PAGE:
In what way, from your point of view, the Presidency of Donald Trump in the US will be able to have influence on the development of the bioeconomy?
A core theme for the Trump Administration is job creation and America First. The United States has a wealth of resources that can support a flourishing bioeconomy. Wastes and residues can add value and create new revenues streams for multiple sectors, from farming to industry, supporting job creation and domestic growth. By finding new approaches to limit our dependence on imported resources, the bioeconomy is also an opportunity to increase energy security. The bioeconomy is responsible for the development of new industries across the country, which in turn create new jobs. These things combined show the opportunities available to the United States today, and are alligned with the the goals of the Administration.
LanzaTech’s process involves biological conversion of carbon to products through gas fermentation. How does your technology work?
While traditional fermentation uses sugars and yeast to make alcohol, LanzaTech uses anaerobic bacteria (originally found in rabbit droppings) to ferment waste emissions from industry and other sectors to make fuels and chemicals. With the first commercial gas fermentation facility coming online in China in early 2018, the advances our team has made in optimizing the bacteria, has enabled us to both demonstrate the production of a wide array of chemicals but also to scale up the production of a number of these including acetone and isopropanol (used to make solvents, resins and personal care products) to the pilot scale. We think of the bacteria as the software and the fermenter at the industrial site as the hardware. Today, LanzaTech provides the bacteria to make ethanol but, in the future, if you want to make something else, you can upgrade or switch out the bacteria. It’s like upgrading software. You can choose what you want depending on the market. All without having to invest in a new production facility or plan years ahead. This is a carbon smart future!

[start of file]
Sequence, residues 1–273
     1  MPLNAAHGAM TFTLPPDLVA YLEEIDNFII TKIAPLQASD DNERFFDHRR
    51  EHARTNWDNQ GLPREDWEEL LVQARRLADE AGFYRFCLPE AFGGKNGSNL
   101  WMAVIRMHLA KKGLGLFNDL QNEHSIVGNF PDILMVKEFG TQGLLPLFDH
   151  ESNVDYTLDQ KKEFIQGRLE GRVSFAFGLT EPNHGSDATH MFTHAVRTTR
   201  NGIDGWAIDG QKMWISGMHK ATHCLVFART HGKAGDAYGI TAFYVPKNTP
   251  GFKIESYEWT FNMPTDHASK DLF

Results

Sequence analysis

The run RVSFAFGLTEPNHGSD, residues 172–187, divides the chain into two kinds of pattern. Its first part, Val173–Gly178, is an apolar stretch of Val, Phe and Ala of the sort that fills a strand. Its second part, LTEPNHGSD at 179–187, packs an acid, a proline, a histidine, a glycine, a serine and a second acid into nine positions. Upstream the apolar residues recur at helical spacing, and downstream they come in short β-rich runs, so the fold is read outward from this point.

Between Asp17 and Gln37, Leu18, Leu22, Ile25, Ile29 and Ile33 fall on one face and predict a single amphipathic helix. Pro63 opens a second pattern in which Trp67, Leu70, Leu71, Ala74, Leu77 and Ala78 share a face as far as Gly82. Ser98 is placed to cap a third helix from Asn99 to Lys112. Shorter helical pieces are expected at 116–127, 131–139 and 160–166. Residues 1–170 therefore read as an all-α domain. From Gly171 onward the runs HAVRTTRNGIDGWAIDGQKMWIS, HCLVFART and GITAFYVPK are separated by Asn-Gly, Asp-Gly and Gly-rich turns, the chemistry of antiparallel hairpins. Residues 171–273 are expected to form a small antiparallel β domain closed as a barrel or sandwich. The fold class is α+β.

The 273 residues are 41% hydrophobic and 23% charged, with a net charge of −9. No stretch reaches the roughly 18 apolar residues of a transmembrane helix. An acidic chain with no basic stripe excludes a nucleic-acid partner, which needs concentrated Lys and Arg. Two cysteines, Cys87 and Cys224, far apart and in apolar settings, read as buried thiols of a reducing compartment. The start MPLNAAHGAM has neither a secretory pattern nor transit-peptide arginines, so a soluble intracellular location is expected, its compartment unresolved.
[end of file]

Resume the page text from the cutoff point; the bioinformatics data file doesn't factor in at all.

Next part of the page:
LanzaTech has a partnership with ArcelorMittal to build the first plant in Europe to use the waste gases from steelmaking to produce ethanol on a commercial basis. You said this fuel generates 84% fewer greenhouse gas emissions than fossil fuels, and the plant will produce enough every year to run half a million cars. What is the state of the art of this partnership?
Our facility in Belgium with ArcelorMittal is currently being constructed and looks set to be operational in 2019.
What are your next goals?
Getting our first commercial facility running is a big goal for 2018! Our first commercial facility will be operating in China this year, showing the conversion of waste steel mill emissions to ethanol at commercial scale.
We also want to see a Carbon Smart Future take off. We see this concept beginning to resonate with end users, who see a future where there is a choice in where your carbon comes from. Much like selecting organic or fairtrade produce when shopping, you should be able to choose “carbon smart” products across the supply chain. An example would be in using recycled carbon to make not only ethanol, but converting this ethanol to ethylene for use in polyethylene applications for consumer goods. Our goal is that this becomes a consideration for procurement teams across the supply chain and that consumers start to question where their carbon comes from!